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Nigeria, neighbours forge anti-Boko Haram force

Squashing the insurgency was one of Muhammadu Buhari’s main campaign promises.

Nigerian President Muhammadu Buhari in Abuja, Nigeria. Picture: GCIS.

ABUJA - Nigeria and its neighbours agreed on Thursday to set up a joint military force to counter Boko Haram, a sign of President Muhammadu Buhari's intent to crush the Islamist militant group early in his tenure.

At a one-day summit at Abuja airport, the 72-year-old former military ruler, who was inaugurated just two weeks ago, welcomed the leaders of Chad and Niger, and the defence minister of Cameroon.

A statement afterwards said the joint force, based in the Chad capital Ndjamena, would be up and running by 30 July with a permanent Nigerian leader, a concession to Buhari's opposition to rotating commanders.

Changing the force's leadership would hamper "the military capacity to sustain the push against the insurgents, who also have the uncanny ability to adapt and rejig their operational strategies," Buhari said before the meeting.

Chad and Cameroon have deputy commander and chief of staff posts in the force, whose mission is to crush Boko Haram, which has killed thousands and displaced 1.5 million people in its six-year fight to establish an Islamic state in Nigeria's northeast.

Squashing the insurgency was one of Buhari's main campaign promises, in contrast to his predecessor Goodluck Jonathan, who was accused of dithering and incompetence, particularly after the kidnapping of more than 200 girls from a school in the town of Chibok in April last year.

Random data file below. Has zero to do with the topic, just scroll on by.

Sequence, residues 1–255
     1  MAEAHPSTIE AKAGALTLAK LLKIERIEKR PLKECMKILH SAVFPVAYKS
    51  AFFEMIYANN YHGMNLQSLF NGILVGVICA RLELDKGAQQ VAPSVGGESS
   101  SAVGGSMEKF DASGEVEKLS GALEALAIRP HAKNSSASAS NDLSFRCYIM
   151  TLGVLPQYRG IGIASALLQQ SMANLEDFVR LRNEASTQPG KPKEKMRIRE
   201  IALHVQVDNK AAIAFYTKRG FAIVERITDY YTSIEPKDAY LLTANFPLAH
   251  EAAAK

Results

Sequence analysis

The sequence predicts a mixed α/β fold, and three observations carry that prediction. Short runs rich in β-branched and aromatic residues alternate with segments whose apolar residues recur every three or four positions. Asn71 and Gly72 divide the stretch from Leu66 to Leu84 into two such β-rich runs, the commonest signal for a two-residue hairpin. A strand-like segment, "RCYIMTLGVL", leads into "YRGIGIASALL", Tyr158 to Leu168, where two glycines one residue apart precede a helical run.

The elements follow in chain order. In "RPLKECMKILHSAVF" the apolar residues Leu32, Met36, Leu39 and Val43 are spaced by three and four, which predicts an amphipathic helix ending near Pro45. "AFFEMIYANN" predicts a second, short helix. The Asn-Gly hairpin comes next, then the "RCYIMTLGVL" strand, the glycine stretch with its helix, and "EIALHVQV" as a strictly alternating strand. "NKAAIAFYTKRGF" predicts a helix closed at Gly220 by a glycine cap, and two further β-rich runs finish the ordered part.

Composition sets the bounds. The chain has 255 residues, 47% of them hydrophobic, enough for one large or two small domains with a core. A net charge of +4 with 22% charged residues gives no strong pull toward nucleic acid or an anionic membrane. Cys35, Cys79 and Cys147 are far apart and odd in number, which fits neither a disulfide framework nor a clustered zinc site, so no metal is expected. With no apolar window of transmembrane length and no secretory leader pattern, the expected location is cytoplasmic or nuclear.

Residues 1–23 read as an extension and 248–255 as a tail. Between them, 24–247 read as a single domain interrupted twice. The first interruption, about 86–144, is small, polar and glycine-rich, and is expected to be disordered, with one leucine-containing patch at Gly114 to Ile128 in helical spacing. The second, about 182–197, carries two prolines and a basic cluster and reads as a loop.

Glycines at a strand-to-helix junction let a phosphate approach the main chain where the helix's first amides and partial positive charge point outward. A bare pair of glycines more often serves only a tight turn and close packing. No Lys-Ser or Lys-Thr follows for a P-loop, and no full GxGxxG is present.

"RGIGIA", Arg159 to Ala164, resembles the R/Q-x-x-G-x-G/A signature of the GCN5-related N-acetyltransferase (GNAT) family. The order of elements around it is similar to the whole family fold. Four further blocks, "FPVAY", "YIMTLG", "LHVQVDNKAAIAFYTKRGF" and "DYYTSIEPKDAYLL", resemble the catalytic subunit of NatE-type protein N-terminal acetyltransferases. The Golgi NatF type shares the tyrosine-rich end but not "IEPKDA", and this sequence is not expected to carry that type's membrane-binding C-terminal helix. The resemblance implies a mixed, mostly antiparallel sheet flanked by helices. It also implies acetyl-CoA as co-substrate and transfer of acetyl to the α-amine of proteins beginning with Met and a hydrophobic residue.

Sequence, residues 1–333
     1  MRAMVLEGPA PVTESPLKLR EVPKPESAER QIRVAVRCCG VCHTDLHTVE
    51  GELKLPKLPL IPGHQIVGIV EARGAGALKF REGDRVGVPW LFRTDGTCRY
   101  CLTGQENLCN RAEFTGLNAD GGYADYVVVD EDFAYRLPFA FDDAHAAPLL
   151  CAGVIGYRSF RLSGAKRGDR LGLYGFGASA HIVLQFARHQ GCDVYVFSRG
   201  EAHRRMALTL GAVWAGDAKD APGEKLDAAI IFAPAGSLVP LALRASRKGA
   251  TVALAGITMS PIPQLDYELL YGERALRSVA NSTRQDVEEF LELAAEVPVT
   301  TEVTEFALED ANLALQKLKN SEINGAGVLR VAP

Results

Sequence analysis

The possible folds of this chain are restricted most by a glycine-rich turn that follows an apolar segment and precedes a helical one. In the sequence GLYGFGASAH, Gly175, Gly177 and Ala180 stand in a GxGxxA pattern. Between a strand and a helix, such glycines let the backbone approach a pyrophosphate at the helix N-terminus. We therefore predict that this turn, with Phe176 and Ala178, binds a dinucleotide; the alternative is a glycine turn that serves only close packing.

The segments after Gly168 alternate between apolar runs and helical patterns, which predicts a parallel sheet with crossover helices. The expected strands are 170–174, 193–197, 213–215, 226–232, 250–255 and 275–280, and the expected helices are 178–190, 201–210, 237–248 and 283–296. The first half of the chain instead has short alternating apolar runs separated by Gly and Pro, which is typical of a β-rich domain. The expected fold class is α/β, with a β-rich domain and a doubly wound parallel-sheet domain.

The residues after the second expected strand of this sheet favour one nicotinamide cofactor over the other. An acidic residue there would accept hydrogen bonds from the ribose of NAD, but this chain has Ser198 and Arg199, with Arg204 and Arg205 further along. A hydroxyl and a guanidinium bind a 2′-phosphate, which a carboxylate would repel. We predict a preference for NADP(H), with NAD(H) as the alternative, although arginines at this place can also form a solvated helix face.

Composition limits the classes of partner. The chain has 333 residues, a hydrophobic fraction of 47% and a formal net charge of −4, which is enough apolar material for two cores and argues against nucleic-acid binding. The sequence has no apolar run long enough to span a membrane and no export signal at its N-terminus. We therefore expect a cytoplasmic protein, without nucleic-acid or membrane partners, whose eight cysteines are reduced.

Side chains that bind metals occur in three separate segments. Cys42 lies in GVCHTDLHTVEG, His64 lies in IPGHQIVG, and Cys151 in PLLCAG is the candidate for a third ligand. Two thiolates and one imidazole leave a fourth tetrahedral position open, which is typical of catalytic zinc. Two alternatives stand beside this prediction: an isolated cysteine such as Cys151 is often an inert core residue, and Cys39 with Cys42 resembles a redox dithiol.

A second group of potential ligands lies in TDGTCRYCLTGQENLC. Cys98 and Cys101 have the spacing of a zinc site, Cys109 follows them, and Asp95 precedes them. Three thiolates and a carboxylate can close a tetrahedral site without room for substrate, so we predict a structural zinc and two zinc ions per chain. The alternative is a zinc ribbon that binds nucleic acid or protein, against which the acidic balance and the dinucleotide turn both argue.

CRACKS

In his two weeks since assuming office, Buhari has focused on little else, travelling to Niger and Chad and shifting the military command centre from Abuja to Maiduguri, the capital of northeast Borno state and birthplace of the insurgency.

In his absence, cracks have started to emerge in his All Progressives Congress (APC), a loose alliance of powerful Nigerians with little binding them together apart from a shared desire to eject Jonathan's People's Democratic Party (PDP) from power.

Buhari, an ascetic northern Muslim, has named Yemi Osinbajo, a southern Christian lawyer from Lagos, as his vice president but has failed to give any clarity on his eventual cabinet line-up.

Although such delays are common in Nigeria's convoluted politics, analysts say it suggests disagreements and horse-trading between Buhari and Bola Tinubu, the Lagos political godfather who provides much of the APC's muscle.

In another early setback for Buhari, his choice for Senate president, the third most important position in the country, failed to win election after party rival Bukola Saraki broke ranks and secured enough PDP support to secure victory.

Saraki's move provoked markedly conflicting responses from the APC.

"The president took the view that a constitutional process has somewhat occurred," Buhari spokesman Femi Adesina said, a comment at odds with party spokesman Lai Mohammed, who accused Saraki of "the highest level of indiscipline and treachery".

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